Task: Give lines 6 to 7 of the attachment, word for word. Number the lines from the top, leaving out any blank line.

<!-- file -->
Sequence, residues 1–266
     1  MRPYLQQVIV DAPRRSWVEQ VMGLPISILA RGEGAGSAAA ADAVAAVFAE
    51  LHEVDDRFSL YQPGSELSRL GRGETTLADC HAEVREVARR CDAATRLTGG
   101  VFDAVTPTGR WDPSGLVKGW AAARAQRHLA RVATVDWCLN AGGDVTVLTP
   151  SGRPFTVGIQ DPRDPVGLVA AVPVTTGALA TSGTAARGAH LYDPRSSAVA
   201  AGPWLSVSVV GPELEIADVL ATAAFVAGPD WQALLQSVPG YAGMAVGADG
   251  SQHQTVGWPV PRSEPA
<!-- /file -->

   201  AGPWLSVSVV GPELEIADVL ATAAFVAGPD WQALLQSVPG YAGMAVGADG
   251  SQHQTVGWPV PRSEPA